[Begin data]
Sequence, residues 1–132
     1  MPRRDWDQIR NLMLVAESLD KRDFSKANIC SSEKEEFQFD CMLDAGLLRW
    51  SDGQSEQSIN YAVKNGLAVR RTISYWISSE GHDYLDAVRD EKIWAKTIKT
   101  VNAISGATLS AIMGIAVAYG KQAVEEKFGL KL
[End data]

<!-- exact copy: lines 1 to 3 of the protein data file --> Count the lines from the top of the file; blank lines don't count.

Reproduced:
Sequence, residues 1–132
     1  MPRRDWDQIR NLMLVAESLD KRDFSKANIC SSEKEEFQFD CMLDAGLLRW
    51  SDGQSEQSIN YAVKNGLAVR RTISYWISSE GHDYLDAVRD EKIWAKTIKT